This irritates me because Ainge went out on a limb by picking Jayson Tatum and ESPECIALLY Jaylen Brown. Season ticket holders in the Garden booed the Jaylen Brown pick.
And the revisionist history is that fans were booing the pick because they wanted the team to trade the pick for someone else, but they were booing that pick because the ‘consensus’ was that there were only two decent players in that draft. Ben Simmons and Brandon Ingram. By now it’s an open question whether Simmons is a better player than Brown and Ingram sure as hell isn’t.
Ainge picked Jaylen, and the following year Ainge traded out of the number one spot to pick Jayson Tatum—who is easily the best player from that draft.
But somehow due to a year that was the worst that I can recall as a Celtic fan in terms of injury and illness, Ainge is too stupid to shepherd the Jays through their prime years and so must go.
The same reasoning goes with Brad Stevens. Look at Ben Simmons in 2021. His game has marginally expanded from what it was when he was a rookie. He’s an effing PG who has NO outside game whatsoever. He’s a guy who’s almost seven feet tall who averaged 8.1 rebounds per game his rookie year and whose career rebounding average is 8.1 rebounds per game. He averaged 8.2 assists per game as a rookie and his career average is 7.7. He has done diddly squat to improve as a player. This is a guy who has the physical skills to be a combination of Kevin Durant and Magic Johnson and what do the Sixers have? A good basketball player, but not a great one.
Do you think that Stevens has had nothing to do with the improvements that both Tatum and especially Brown have made as players? Does anyone in the ‘fire Stevens’ and ‘fire Ainge’ camp think that these guys would have developed to the extent that they have if their coach had been Brett Brown? Or Doc Rivers?
What Ainge and Stevens have done is, by and large, remarkable.
And that brings us around to what I’m really frustrated about.
The 2019 season.
Now fortunately, I was busy being first engaged and then a newlywed during that season, so it didn’t sting as much as it could have.
But I can also say that I’m fortunate in that I wasn’t distracted during a season that was worth following.
That pic in the header?
That should be what pisses off Celtic fans.
Not this goddamned year of plague and injury.
It should be the year when they had those five guys and a reasonable measure of health—yeah Gordo didn’t get his legs under him until the year was well along, but still. Look at that lineup and look at how many games those guys played.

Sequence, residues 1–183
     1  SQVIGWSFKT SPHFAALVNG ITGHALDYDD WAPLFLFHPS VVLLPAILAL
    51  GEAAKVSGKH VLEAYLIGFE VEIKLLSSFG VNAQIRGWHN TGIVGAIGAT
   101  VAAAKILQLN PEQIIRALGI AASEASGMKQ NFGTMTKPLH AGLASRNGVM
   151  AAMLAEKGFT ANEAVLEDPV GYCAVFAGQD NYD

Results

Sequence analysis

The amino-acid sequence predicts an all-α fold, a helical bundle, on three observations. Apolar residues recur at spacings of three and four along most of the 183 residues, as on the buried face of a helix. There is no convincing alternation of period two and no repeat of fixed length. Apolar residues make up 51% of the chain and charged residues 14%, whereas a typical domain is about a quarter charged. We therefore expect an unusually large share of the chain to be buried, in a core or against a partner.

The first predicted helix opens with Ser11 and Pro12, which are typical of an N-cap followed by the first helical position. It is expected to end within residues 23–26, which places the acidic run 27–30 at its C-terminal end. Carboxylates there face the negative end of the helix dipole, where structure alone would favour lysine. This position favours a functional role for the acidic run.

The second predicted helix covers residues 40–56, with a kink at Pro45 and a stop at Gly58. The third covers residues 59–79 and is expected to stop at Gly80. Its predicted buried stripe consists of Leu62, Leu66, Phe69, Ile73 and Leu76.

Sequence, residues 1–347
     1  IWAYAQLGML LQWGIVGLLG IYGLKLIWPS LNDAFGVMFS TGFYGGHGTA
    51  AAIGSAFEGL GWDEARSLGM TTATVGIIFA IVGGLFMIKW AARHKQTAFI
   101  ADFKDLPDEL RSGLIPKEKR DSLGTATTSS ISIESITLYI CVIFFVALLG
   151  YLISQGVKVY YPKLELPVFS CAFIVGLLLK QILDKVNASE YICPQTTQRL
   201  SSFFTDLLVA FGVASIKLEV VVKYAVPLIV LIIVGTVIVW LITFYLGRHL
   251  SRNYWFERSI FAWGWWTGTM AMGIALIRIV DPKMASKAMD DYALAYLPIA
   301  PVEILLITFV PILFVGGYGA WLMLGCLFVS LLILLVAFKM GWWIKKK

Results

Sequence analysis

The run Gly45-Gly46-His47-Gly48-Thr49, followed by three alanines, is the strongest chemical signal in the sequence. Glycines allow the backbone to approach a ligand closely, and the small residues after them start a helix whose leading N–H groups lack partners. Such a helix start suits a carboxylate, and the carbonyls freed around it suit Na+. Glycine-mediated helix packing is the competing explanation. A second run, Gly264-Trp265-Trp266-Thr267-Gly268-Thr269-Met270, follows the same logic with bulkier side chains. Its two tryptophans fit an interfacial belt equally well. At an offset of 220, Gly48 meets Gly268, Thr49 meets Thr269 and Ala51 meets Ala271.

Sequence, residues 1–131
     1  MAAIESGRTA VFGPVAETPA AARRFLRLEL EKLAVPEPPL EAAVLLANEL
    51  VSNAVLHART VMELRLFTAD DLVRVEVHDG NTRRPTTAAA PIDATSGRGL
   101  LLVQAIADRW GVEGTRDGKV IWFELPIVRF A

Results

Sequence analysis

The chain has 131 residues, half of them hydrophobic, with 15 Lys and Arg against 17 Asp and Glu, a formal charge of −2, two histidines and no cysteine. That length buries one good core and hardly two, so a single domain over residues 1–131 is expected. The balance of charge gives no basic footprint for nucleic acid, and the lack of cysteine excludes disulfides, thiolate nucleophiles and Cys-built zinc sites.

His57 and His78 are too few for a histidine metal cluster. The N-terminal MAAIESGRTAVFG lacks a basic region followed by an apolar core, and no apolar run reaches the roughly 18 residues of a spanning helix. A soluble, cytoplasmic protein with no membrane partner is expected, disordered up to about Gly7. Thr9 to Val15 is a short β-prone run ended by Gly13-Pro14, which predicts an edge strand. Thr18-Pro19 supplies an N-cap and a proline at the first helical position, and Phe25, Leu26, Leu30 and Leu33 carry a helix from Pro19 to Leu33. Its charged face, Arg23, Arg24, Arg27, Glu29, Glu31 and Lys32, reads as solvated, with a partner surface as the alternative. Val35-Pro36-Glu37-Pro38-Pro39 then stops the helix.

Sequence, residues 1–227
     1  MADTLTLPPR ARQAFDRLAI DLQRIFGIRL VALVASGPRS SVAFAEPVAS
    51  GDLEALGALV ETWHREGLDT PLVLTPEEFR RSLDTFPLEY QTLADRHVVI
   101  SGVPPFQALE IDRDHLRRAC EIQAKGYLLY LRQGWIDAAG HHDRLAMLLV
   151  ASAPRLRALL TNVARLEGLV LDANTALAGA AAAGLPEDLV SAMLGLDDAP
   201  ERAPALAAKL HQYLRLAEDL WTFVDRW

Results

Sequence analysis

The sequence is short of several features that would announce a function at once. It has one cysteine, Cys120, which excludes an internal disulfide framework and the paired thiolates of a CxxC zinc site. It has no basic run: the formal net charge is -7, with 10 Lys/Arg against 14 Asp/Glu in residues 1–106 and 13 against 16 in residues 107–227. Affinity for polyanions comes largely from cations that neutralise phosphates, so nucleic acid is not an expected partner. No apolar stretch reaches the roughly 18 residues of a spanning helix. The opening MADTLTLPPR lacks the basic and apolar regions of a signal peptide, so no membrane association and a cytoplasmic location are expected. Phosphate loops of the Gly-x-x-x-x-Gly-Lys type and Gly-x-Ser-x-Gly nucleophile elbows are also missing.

When that season blew up in the second round of the playoffs, playoffs that were as wide open as any in recent memory, I was pissed. I was as pissed as I’ve been in years because I knew that the C’s had squandered the opportunity of a lifetime.
After that season blew up, I pointed out that Larry Bird was still angry about the way the C’s quit on Bill Fitch three decades after it had happened. And he had every right to be. You aren’t guaranteed a second chance.
I’m sure, to kids like Jaylen and Jayson, who had already been to the ECF twice and once before, the future seemed full of additional chances such that torpedoing the 2019 season through a lack of effort—a lack of effort to get along and a lack of effort to improve–and the baseless arrogance of accidentally successful youth, wasn’t a big deal. But I hope that the past two years have taught them the hard lesson that you aren’t guaranteed a damn thing. They came back motivated in 2020 and lost Hayward at a crucial moment to a nasty ankle sprain. They came back motivated in 2021 and were already behind the eight-ball because Hayward was gone, and then they couldn’t stay healthy as a team.
You ain’t guaranteed anything.
And that’s why 2019 still stings.
They had everything they needed to destroy the league except maturity.
And you can say that Stevens could’ve done a better job, but you know what?
That’s absolute bull.
If you’re going to get paid more money than your boss, then you damn well better be able to find your own motivation to do the right thing. You can’t draw more money in a season than I’ll make in a lifetime and then turn around and blame the coach for failing to ‘motivate you’ or failing to force you to get along with other people. Your game, your role in the success or failure of the team, that’s entirely on you. If you listen to the coach, that’s on you.
But if you don’t listen to the coach, it sure as hell isn’t his fault for failing to find the magical combination of words that will make you want to do what you’re paid to do.
And you know what? The money ain’t even the issue here.
People are people, and that means that if it’s a flimsy excuse for you, it’s a flimsy excuse for everyone. I believe in universal laws of conduct. Before you do something or excuse something ask yourself what would happen if everyone acted the same way. You can’t blame your own failure to do your job properly on your boss’s failure to ‘motivate’ you. And if you can’t do that, nobody can.
So yeah. Tie a ribbon and put a goddamn bow on this goddamn season tonight and get it over with. Because all it does is remind me of how much the C’s could have done and how much the C’s did to themselves in 2019.